Never underestimate the power of celebrities to bring attention to issues related to disease and mental illness —especially when it’s their own. In the last few weeks, three of the entertainment and sports worlds’ most polarizing figures — Charlie Sheen, Ronda Rousey and Kanye West — have made stark revelations about serious conditions with which they are dealing.
No doubt, all three had their own reasons for making their disclosures in the manners and venues in which they did. But beyond what each one’s struggles may mean for their futures, it’s instructive to examine how what they said might move the needle on public discourse about these life-and-death subjects.
We’ve known since last November that the 50-year-old actor was HIV-positive. Back then, he rejected the notion that he’d become the new millennium “poster boy” for HIV/AIDS. But in mid-February, he spoke on The Dr. Oz Show about his treatment travails. Specifically, that he had been “duped” into traveling to Mexico for unproven “alternative” treatments that proved wholly ineffective.
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Sheen went off his antiviral meds in favor of two months of treatments supervised by Dr. Samir Chachoua (who claimed on HBO’s Real Time with Bill Maher that “arthritic goats’ milk” would not only cure Sheen’s HIV but that his treatment had eradicated HIV for the past decade on a small island nation in Africa).
After telling Oz that his HIV numbers had increased (and excoriating Chachoua in the process), Sheen said he was hoping to qualify for an experimental treatment regimen — one being done by an above-board medical firm in Canada.
So Sheen’s appearance not only drove home the message to stay away from unlicensed “doctors” offering miracle “cures,” it also alerted folks to news that the Vancouver company CytoDyn (whose president also appeared on the show) may be on the verge of a breakthrough in how HIV is treated.
But perhaps most important of all, an article that ran in the Journal of the American Medical Association called Sheen’s disclosure “the most significant HIV prevention event in our nation’s history.” It also said that, in the immediate aftermath of Sheen’s announcement, there were 2.75 million more online searches related to HIV detection and prevention than would have been expected during that time.
Beyond being the UFC’s most popular mixed martial artist, Ronda Rousey has become a mainstream star, appearing on late-night talk shows and garnering Hollywood acting roles. Before her stunning knockout defeat last fall to Holly Holm, Rousey’s life as an undefeated champion seemed pretty ideal.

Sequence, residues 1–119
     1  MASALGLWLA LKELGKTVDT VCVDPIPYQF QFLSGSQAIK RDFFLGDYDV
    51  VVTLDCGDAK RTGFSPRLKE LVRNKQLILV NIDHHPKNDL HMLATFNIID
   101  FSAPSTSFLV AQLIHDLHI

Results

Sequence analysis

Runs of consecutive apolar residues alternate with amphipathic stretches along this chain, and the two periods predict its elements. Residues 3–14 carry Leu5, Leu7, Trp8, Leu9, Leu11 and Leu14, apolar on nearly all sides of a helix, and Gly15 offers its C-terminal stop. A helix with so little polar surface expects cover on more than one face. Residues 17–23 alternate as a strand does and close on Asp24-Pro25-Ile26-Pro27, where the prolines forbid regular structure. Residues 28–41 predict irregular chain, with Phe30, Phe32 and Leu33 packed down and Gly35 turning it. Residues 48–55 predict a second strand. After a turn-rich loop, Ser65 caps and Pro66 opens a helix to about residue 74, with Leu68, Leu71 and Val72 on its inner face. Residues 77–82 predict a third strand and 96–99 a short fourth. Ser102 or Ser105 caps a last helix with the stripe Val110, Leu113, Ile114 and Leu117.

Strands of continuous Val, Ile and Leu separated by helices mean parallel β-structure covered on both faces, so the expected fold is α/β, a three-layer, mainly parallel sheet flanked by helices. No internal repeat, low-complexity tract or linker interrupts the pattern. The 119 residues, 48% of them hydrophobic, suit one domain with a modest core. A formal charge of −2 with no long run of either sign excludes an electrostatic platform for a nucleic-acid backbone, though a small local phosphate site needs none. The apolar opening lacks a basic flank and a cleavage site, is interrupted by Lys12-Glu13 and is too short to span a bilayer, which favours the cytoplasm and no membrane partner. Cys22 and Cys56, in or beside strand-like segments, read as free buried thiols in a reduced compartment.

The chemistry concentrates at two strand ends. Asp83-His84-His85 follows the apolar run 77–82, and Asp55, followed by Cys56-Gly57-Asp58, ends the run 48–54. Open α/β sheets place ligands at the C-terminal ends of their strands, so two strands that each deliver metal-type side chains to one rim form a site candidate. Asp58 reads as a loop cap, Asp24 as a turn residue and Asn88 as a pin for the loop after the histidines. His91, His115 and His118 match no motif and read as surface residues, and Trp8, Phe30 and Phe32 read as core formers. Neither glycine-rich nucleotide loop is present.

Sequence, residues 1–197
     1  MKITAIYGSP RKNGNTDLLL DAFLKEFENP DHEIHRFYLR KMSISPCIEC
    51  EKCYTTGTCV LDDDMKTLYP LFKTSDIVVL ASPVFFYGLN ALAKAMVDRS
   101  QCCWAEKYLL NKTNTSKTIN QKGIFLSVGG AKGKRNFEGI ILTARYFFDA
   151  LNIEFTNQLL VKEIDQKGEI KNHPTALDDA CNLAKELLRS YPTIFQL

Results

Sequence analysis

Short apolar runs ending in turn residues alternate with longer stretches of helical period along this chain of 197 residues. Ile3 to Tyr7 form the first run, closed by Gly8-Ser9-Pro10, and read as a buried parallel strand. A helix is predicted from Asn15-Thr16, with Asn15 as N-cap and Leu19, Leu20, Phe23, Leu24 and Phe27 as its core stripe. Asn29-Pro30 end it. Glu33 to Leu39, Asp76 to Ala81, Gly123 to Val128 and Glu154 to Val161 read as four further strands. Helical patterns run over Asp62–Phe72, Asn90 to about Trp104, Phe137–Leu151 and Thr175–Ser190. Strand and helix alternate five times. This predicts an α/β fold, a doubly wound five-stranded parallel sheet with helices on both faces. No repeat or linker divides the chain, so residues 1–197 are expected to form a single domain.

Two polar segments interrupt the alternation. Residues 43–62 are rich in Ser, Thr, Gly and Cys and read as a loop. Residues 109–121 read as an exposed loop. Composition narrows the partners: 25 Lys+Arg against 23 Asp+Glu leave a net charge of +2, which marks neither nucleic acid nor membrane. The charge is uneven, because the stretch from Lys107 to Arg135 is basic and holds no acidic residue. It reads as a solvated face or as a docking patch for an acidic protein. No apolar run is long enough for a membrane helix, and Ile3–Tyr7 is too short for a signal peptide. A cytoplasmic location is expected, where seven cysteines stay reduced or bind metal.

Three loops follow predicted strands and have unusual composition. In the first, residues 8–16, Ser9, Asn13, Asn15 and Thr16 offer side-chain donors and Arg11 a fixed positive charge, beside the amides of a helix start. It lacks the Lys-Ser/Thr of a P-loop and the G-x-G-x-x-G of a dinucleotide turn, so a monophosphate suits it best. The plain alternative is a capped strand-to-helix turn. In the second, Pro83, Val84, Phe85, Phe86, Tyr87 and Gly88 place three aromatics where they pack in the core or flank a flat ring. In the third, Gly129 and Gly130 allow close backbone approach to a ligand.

But, as she tearfully revealed on The Ellen Degeneres Show last month, right after that bout, before she could even receive medical treatment, she contemplated suicide.
“Once I got in the medical room and I was down in the corner, I was like, ‘What am I anymore if I’m not this?’ ” she explained. “I was literally sitting there and thinking about killing myself, and that exact second I’m like, ‘I’m nothing. What do I do anymore?’ ”
What made Rousey’s comments especially poignant — and alarming — is that she’s a child of suicide: Both her father and grandfather killed themselves (her father when she was very young).
Rousey quickly assured Degeneres that the dark thoughts passed and she’s now more motivated than ever to regain her title belt.
Equally, if not more, significant were her later comments to TMZ that not only was she not ashamed of her suicidal thoughts, but that she wanted to help de-stigmatize the entire topic. Rousey encouraged others to discuss their suicidal feelings and seek help if they needed it.
“It’s … not something like a weakness that we should condemn,” she told the gossip site.
West has never been the most stable cat. But in recent weeks, his behavior — both in person and via social media — has grown especially erratic.
Meltdowns on Twitter.
Audio recordings of him blasting Taylor Swift.
The infamous tirade on the Saturday Night Live set.
Keen observers of “Yeezy” have noted that, in his recently released The Life of Pablo album, on one track he raps “I been outta my mind a long time” and on FML he raps about how crazy being off Lexapro can make a person.
Lexapro is a selective serotonin reuptake inhibitor anti-depressant, prescribed to treat depression and general anxiety.
Experts warn that going off any of the same sort of anti-depressant should be done gradually — and under a doctor’s supervision.
Stopping suddenly — as West may well have done — is a recipe for a mental health disaster.
It would also help explain his recent behavior.
And perhaps just as importantly, it introduces, however tangentially, to a generation of millennials the subjects of anti-depressant medication and mental illness.